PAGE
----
If we want the USA to be there for us when Europe goes mad – as it will – it will pay us to be nice – not doormats, but generally in alliance.

  10. Freeborn John
    Posted October 29, 2010 at 1:29 pm | Permalink

    The end of the USSR is the main change in the world which affects our security relationship with the US. For much of the post-war period the USSR represented an existential threat to us, to which the USA was the only credible countervailing power. With the USSR gone (and Russia’s population falling) we simply don’t need the USA as much as we did before from a security perspective. However our relationship with the USA still seems to be backward-lookin, i.e. to still over-emphasise military/security factors and under-emphasise economic ones.

    This despite the USA being our main source of FDI such that many of us work for American companies.. The emergence of China and India as low-cost destinations for FDI has led to American companies moving almost as many jobs as possible from the UK to those lower-cost destinations so we need some new advantages to counteract our cost disadvantage. A bilateral agreement on freedom of movement for workers between the USA and UK could be one step that we could take (while remaining an EU member) to advance our national interest in being a more attractive place for American FDI than low cost Asian countries.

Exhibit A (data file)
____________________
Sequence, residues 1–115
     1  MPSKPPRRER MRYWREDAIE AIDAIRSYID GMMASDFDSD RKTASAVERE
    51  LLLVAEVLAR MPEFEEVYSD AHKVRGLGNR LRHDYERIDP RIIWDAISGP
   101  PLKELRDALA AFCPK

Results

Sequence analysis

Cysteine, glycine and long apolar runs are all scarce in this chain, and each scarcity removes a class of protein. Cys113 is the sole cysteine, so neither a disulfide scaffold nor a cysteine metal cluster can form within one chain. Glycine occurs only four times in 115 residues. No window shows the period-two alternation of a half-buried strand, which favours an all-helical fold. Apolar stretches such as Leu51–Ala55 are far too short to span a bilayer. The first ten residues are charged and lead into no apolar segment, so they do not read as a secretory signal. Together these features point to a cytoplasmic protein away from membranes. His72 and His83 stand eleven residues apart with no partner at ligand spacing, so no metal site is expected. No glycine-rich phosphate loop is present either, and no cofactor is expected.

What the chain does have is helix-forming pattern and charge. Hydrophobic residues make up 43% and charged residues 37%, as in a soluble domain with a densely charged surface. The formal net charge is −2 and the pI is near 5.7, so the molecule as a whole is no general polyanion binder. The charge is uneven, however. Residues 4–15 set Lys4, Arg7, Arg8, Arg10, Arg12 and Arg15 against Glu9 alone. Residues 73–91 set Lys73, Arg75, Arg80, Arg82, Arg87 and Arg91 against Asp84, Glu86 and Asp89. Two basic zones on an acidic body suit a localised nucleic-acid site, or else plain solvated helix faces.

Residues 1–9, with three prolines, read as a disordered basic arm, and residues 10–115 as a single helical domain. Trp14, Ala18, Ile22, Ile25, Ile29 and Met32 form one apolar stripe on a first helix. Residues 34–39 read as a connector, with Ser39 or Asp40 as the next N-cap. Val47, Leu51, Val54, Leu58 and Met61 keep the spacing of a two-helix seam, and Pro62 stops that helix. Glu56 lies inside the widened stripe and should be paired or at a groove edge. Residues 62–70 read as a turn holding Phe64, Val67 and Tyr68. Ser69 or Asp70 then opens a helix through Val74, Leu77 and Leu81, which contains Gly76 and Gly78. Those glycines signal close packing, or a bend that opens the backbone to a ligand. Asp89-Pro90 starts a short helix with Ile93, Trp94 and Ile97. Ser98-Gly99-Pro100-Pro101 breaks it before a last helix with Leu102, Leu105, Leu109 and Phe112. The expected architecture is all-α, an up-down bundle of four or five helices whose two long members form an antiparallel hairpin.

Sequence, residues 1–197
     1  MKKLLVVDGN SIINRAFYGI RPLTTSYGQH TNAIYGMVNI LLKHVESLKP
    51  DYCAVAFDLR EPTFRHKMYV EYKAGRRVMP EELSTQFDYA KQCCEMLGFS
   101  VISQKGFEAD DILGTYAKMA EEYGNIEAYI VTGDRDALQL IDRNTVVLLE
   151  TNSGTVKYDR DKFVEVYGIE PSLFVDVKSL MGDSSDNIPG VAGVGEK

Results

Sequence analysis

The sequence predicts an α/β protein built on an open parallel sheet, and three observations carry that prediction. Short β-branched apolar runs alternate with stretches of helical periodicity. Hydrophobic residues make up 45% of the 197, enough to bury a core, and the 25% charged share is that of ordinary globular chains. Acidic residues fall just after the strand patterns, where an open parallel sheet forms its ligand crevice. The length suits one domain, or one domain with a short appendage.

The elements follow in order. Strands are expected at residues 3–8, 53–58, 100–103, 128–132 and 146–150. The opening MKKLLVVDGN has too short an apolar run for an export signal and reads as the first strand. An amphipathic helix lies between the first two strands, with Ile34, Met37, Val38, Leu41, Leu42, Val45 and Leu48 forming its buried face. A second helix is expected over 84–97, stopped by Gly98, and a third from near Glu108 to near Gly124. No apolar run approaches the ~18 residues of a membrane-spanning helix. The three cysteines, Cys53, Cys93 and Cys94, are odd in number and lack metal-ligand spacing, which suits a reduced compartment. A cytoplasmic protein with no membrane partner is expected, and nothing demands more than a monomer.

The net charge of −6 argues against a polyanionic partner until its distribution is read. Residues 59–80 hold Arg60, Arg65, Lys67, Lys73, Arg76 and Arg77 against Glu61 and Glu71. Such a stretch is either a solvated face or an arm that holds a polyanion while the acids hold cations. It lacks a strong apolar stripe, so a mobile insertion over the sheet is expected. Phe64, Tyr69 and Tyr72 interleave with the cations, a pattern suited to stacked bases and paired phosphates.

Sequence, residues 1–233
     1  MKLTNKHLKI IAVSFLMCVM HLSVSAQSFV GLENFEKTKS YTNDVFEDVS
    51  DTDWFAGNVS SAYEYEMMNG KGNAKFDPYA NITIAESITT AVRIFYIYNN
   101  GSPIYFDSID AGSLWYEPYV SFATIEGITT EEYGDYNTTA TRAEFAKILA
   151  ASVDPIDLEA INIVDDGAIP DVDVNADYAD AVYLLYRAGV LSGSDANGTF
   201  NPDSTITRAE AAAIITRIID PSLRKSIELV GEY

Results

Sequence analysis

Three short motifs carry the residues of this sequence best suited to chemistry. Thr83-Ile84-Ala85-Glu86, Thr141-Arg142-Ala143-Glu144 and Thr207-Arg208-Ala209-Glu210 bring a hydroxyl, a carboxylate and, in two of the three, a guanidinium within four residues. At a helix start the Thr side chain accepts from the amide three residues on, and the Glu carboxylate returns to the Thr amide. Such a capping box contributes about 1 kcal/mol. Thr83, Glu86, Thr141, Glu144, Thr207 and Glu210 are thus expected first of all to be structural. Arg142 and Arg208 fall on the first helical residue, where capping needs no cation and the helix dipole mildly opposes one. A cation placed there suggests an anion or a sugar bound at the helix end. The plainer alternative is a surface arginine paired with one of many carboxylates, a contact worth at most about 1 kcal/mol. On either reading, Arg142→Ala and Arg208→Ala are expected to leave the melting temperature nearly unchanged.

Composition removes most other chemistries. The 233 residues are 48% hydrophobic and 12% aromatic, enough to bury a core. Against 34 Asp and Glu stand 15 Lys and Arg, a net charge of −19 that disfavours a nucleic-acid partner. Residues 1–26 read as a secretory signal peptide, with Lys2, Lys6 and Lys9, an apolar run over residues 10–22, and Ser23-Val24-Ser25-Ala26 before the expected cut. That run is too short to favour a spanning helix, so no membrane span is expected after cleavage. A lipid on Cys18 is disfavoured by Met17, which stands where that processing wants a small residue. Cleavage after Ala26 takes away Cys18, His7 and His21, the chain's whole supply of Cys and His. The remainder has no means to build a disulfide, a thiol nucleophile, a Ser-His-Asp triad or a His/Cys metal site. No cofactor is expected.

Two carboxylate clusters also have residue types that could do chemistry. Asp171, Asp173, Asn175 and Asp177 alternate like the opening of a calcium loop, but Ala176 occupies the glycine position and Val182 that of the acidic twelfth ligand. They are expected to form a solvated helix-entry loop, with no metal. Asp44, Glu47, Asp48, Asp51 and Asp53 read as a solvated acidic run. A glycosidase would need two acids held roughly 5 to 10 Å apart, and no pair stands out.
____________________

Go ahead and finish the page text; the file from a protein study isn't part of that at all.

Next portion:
It would be also be our national interest to remove all customs duties between the US and UK. Though this is harder to achieve while remaining in the EU, we should be pushing for an EEA/EU/NAFTA Free Trade Agreement. This might also open up some options in our relationship with the EU in future, i.e. we could by joining the NAFTA retain free trade with the EU if such a transatlantic FTA was in place.